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Old 10-24-2017, 08:35 AM   #21
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Originally Posted by LRDave View Post
An intangible benefit to the OP's strategy is that the risk of a future haircut is diminished. (This assumes current retirees will be somewhat less likely to get reduced benefits at the time of the haircut as opposed to future retirees.....not sure if that's true, but it will be a hard sell to not grandfather in everyone already in the game IMO.)
Sooo many people are missing your point. I have brought this up in the best to deafening silence.
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Old 10-24-2017, 08:51 AM   #22
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Originally Posted by Blueskies123 View Post
Sooo many people are missing your point. I have brought this up in the best to deafening silence.
My guess if you're 65 and haven't taken SS, you'd be in the same boat (grandfathered) as someone that's 65 and has already started taking SS. The raising of the SS age from 65 to 67 didn't affect anyone close to SS age at the time. Besides, I imagine there would be at least a little bit of time before any change became effective that you'd could always start collecting early.

Of course, I could be wrong.
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Old 10-24-2017, 09:09 AM   #23
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From Jan 1 2000 to Jan 1 2009, Dow dropped 24%.

Hindsight is 20/20.
That's not a 5 year period. I had asked about a drop in a 5 year period in response to this:
Quote:
Originally Posted by ChiliPepr View Post
This is true since your portfolio when up about 45% in the last 5 years... but what would have happened if your portfolio was down 25%?
Within 2000-2009 the market actually increased and then experienced a double dip.
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Old 10-24-2017, 09:23 AM   #24
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Everyone has a different situation. I have to consider spousal survivor benefits
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Old 10-24-2017, 09:32 AM   #25
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Originally Posted by ERD50 View Post

The "break-even point" of ~ 80 YO, while it may be a reasonable mathematical calculation based on reasonable assumptions, isn't really the relevant calculation. It has been discussed many times, treat the delay of SS as "longevity insurance". We don't really think in terms of car or fire insurance as "break even", it is there in case we need it, and we know that on average we will pay for that insurance. So one can choose to delay SS to gain some insurance in case they live a long time.

And if you have a spouse, survivor benefits play into it. The odds of one of two living to a ripe old age are greater than any one living that long. Check out the longevity calculator at Vanguard for that.

I think it was member "Cut-Throat" who said it this way: "You can withdraw more now, knowing you will be withdrawing less later".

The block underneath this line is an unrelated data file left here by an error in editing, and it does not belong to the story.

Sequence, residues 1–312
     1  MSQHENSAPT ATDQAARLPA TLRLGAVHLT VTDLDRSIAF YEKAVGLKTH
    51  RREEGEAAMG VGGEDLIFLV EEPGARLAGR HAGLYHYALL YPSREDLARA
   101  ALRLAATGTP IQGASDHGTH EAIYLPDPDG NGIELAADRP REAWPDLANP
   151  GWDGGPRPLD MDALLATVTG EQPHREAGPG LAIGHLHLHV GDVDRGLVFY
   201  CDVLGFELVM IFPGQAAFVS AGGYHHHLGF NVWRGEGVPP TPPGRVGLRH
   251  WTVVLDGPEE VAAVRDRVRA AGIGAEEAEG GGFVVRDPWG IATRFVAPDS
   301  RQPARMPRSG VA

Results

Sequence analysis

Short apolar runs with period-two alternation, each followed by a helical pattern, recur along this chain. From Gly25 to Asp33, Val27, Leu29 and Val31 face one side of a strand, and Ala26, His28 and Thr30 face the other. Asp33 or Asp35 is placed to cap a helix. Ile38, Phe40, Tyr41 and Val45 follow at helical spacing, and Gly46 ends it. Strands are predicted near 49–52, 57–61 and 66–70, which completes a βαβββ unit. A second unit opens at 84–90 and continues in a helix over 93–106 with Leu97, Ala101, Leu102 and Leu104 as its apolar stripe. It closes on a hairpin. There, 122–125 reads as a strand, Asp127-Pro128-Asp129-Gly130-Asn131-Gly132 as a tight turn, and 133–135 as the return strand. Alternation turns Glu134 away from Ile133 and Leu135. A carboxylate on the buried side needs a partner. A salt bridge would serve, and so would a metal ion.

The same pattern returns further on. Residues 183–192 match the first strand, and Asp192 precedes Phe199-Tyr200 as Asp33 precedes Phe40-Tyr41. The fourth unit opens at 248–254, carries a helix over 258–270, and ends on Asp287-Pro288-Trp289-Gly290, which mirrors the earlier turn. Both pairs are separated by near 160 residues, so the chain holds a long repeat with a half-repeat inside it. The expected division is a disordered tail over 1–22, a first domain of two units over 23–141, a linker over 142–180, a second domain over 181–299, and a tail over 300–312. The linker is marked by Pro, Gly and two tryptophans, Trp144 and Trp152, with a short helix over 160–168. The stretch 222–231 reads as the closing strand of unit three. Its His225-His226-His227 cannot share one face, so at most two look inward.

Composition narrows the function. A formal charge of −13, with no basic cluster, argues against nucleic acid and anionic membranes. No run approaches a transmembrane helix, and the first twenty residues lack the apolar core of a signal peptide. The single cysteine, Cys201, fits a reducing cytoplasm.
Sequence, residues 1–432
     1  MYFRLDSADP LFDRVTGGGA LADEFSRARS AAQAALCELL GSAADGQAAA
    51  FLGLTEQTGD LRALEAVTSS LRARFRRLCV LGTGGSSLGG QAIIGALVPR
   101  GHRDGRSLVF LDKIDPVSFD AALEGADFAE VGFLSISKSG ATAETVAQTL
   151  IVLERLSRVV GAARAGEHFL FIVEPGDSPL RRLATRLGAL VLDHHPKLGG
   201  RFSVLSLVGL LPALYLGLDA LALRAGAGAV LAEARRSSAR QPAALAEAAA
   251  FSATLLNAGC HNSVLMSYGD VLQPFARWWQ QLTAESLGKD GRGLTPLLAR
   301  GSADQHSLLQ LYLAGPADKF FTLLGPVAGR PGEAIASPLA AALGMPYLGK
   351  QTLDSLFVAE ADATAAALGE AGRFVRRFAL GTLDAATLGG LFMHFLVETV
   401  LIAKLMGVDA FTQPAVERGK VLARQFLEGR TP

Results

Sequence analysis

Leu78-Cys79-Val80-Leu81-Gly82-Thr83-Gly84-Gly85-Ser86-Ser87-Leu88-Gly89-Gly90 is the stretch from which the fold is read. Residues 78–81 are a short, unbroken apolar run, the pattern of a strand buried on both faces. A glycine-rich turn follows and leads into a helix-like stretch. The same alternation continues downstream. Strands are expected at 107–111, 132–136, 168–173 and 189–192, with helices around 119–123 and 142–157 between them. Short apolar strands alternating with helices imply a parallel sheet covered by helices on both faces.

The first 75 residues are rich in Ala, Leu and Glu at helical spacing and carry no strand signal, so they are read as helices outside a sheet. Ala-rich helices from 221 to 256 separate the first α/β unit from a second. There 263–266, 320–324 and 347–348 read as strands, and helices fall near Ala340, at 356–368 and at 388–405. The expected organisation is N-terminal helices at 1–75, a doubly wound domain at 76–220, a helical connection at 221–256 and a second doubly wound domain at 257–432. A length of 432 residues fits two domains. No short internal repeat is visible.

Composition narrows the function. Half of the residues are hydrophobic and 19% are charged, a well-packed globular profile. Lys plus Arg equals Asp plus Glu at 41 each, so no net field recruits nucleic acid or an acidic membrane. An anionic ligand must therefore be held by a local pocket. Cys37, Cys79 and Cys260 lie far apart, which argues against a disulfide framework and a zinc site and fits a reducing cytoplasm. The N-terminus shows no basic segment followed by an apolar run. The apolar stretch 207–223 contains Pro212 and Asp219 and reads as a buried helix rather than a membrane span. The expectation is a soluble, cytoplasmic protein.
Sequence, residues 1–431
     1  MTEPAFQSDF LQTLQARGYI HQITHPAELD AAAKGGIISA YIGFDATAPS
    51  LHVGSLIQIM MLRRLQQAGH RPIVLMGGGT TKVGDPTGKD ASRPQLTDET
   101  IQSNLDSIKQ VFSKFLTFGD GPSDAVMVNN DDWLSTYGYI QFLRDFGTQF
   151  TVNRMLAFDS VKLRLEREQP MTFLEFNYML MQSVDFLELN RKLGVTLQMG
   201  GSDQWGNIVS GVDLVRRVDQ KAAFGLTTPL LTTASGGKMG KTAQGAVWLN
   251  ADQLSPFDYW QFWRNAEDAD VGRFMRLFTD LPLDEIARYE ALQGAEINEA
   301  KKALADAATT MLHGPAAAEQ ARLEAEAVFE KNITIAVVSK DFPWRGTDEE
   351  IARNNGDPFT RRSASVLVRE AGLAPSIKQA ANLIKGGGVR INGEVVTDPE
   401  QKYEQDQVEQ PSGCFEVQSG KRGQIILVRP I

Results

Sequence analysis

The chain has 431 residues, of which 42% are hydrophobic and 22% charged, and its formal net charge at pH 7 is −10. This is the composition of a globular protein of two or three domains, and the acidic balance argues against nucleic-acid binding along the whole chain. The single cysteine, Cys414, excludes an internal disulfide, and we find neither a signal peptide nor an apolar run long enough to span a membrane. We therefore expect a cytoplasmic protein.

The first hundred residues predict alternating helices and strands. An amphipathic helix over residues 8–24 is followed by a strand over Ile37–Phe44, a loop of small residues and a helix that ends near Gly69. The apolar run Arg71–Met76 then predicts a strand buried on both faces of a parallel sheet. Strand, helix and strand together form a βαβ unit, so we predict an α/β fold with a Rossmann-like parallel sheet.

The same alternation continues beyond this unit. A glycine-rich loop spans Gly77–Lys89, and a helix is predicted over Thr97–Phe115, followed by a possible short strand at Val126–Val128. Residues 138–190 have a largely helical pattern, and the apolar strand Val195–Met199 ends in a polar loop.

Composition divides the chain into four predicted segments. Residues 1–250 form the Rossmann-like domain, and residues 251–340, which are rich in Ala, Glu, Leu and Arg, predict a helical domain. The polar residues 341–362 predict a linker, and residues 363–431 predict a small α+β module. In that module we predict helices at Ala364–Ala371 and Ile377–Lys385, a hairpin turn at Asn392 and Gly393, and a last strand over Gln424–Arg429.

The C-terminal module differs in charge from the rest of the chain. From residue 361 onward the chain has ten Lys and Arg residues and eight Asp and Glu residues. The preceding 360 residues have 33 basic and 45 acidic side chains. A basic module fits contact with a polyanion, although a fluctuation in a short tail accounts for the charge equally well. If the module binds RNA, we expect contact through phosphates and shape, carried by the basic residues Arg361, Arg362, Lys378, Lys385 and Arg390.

-ERD50
+1 Break even points are one thing longevity insurance is another. A lot of people are more worried about a future black swan wiping out their portfolio when then are 79 than getting the last possible dollar out before 80. COLA'd virtually risk free annuities are powerful products.
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Old 10-24-2017, 09:45 AM   #26
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My FRA is 67 - I am still 5 years away from 62. It is a difficult decision whether I should take SS at 62 or 67.

I am currently thinking about meeting at the middle 64 or 65 (it means if I am wrong, the effect would not be too much)
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Old 10-24-2017, 09:52 AM   #27
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There is also a another case for a dwindling group who are/were married for 10 years and who reached 62 by 2015. They can collect on their spouse's benefit at 66 (1/2 of their benefit) while their benefit inceases at 8% a year until they hit 70. This must move the breakeven point to an earlier age, all other things being equal.

Some people sleep better at night knowing the check is coming every month. Others sleep better knowing that in N more years a bigger check with bigger COLA's will be coming every month. Others figure they can delay SS but, if their finances or the political situation starts to go down hill, they can turn it on at any time now that they are 62.

I am happy that this has worked out well for the OP. It is good that we have such flexibility with the SS system. That is one of its best benefits, IMHO.

The big truth is that this is a very individual decision.

As an aside: I must admit I am getting a bit tired of people tossing their numbers and their assumptions at me and then telling me this is proof that I should follow their example.
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Old 10-24-2017, 09:55 AM   #28
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I
Yes, this all shows that unless you live well into your late 80s, it is better to collect your SS benefits at age 62 if you are not working.
You done good! You have definitely shown that given very good luck, the stock market during this period beat waiting on a higher SS. Next maybe show that this was a certain outcome.

Bravo!
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Old 10-24-2017, 10:15 AM   #29
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This is true since your portfolio when up about 45% in the last 5 years... but what would have happened if your portfolio was down 25%?
+1
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Old 10-24-2017, 10:28 AM   #30
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I have always said that the real benefit to drawing at 62 is if you die earlier than the break even point. Sure don't want to prove it, though.....
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Old 10-24-2017, 10:34 AM   #31
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Originally Posted by Blueskies123 View Post
Sooo many people are missing your point. I have brought this up in the best to deafening silence.
If you are going to consider a SS haircut, you must also consider what inflation will have on your returns. Inflation is MUCH more likely. If you put your SS checks in bonds, you will get hammered. Additional taxes may also wreck havoc.

Another aspect is that living expenses could increase dramatically, especially after you have more money in your pocket. A VAT tax or similar could increase prices, and take away spending power, but would not affect the amount of SS check. And extra $5 a gallon gas tax would also take money away from your budget, and knowing that you can collect more SS to help is reassuring. Even an asteroid could hit.

There are a lot of what ifs, I tend to go with what is currently known, with a knowledge that an additional financial buffer could be the best insurance against all unknowns.
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Old 10-24-2017, 10:36 AM   #32
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Not everyone is in a situation where they have to choose to collect SS at 62 or draw down from one of their savings (IRA, 401K, etc.) accounts. What happens to the decision of when to start collecting SS when you have a pension that covers expenses during the early years of retirement?